Tartan Hero Of The Month – March
Brian Wilton (MBE) is sometimes referred to as the “King of Tartan” due to his many years of service in the industry. When he was director of the Scottish Tartan Authority, he discovered he had a knack for tartan design and when STA’s registration processes were transferred to the Scottish Government’s official Scottish Register of Tartans, he pursued that and made it his main focus.
Wilton was born in Bannockburn, near Stirling castle. During his career, out of the approximately 12,000 tartans that have been registered, Brian has designed about 250 of them. Surprisingly though, tartan was not a staple in his wardrobe before the 1980s. Since then, he has embraced tartan not only as an expression of culture, but as a tool that can connect modern day life to history.
In true tartan hero style, Brian owns nine kilts, three of which are Fraser tartans from his grandmothers side. He is no stranger to experimental textiles and techniques, and has items in his collection such as a fashion kilt in Harris Tweed, and a brown kilt made from fabric from an upholstery collection. He too is a fan of Houston’s quality Highland wear and in addition to kilts has pairs of tartan trews and trousers. His favourite tartan however, at least amongst the clan tartans, is the 1819 Old Stewart. The rarest piece of tartan he owns is clan tartans hand-woven by the late Jamie Scarlett MBE.
In addition to education, Brian is also passionate about breaking the traditional image of Highland dress. Whilst the origins of Highland dress is linked to Highland regiments and it being part of military uniform, Brian is keen for this not to be the only picture we conjure when we think of Highland dress. He believes such a rigid idea of what a kilt outfit is meant to look like limits people in not only their individual expression but stunts the growth of the trend – for Highland dress to remain part of our culture, there must be room for it to morph and change into a new version.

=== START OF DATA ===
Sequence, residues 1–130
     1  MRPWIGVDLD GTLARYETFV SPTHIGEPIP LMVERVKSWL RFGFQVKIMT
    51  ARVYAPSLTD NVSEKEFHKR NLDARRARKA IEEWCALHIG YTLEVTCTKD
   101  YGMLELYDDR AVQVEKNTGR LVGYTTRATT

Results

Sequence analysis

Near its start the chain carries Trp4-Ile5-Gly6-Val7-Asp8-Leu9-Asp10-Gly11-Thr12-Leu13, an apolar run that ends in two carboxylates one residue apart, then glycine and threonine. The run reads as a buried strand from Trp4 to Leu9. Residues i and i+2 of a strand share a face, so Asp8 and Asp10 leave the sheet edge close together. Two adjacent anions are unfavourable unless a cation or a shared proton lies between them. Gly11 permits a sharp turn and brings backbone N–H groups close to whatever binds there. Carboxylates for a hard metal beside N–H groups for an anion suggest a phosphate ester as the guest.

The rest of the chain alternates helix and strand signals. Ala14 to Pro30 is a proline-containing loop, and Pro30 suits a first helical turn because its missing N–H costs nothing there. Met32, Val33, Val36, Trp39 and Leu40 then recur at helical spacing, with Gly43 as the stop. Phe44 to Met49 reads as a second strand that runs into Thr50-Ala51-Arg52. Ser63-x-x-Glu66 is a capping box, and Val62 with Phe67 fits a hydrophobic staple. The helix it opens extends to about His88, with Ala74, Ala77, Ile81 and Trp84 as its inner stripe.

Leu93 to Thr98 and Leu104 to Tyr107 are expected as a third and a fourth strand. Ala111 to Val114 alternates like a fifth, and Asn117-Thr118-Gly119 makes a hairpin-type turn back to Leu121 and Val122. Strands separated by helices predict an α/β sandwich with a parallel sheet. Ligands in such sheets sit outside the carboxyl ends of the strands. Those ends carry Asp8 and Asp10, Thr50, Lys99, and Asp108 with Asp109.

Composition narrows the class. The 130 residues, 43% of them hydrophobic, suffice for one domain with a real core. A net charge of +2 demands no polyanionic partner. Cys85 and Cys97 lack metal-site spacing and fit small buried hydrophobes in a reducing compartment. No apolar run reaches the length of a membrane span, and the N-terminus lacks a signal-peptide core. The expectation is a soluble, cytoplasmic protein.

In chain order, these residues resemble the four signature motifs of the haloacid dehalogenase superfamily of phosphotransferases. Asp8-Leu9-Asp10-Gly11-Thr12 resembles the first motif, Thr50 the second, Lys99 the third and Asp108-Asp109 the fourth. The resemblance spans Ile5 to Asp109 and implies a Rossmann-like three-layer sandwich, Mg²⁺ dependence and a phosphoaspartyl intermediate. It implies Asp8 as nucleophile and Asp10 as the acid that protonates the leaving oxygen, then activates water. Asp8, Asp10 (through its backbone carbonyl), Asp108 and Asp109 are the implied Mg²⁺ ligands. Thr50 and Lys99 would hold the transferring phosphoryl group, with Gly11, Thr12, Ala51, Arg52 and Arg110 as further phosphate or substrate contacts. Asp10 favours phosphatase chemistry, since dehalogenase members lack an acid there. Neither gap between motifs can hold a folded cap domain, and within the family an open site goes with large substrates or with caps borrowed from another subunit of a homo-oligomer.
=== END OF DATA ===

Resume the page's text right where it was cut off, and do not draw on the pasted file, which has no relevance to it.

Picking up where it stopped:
This desire to dismantle the stereotypical idea of what Highland dress is is fuelled in part by modern fashion. Brian states one of his most enthusiastic campaigns personally and professionally is encouraging major companies and brands to acquire their own tartans and incorporate them into their branding. Many of his design commissions have resulted in just that: Edinburgh Fringe, Nandos, B&Q and O2 are just a few examples.
Brian, as well as being a pillar of the tartan industry, is a forward thinker. He understands the significance of tartan in history as well as the role is can play in modern society. He is not all tartan all the time, however, and enjoys listening to Red Hot Chilli Pipers, Julie Fowlis and Duncan Chisholm. When asked which past or present Scottish dinner guest he would choose, he answered William Wilson of Bannockburn, Donald Dewar and Flora Macdonald.